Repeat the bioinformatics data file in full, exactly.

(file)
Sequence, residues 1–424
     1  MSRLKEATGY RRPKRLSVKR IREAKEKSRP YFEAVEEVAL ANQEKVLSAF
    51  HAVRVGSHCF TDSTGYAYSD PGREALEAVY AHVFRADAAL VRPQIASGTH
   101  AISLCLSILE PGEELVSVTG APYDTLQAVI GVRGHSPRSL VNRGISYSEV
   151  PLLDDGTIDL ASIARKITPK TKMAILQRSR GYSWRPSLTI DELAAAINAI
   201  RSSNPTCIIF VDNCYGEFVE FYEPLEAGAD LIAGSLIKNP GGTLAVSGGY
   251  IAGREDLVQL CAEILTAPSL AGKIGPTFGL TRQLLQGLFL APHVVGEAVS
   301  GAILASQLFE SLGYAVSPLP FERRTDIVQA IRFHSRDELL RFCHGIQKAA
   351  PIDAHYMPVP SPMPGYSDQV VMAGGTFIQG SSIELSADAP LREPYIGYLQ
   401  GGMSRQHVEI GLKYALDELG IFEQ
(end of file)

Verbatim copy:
Sequence, residues 1–424
     1  MSRLKEATGY RRPKRLSVKR IREAKEKSRP YFEAVEEVAL ANQEKVLSAF
    51  HAVRVGSHCF TDSTGYAYSD PGREALEAVY AHVFRADAAL VRPQIASGTH
   101  AISLCLSILE PGEELVSVTG APYDTLQAVI GVRGHSPRSL VNRGISYSEV
   151  PLLDDGTIDL ASIARKITPK TKMAILQRSR GYSWRPSLTI DELAAAINAI
   201  RSSNPTCIIF VDNCYGEFVE FYEPLEAGAD LIAGSLIKNP GGTLAVSGGY
   251  IAGREDLVQL CAEILTAPSL AGKIGPTFGL TRQLLQGLFL APHVVGEAVS
   301  GAILASQLFE SLGYAVSPLP FERRTDIVQA IRFHSRDELL RFCHGIQKAA
   351  PIDAHYMPVP SPMPGYSDQV VMAGGTFIQG SSIELSADAP LREPYIGYLQ
   401  GGMSRQHVEI GLKYALDELG IFEQ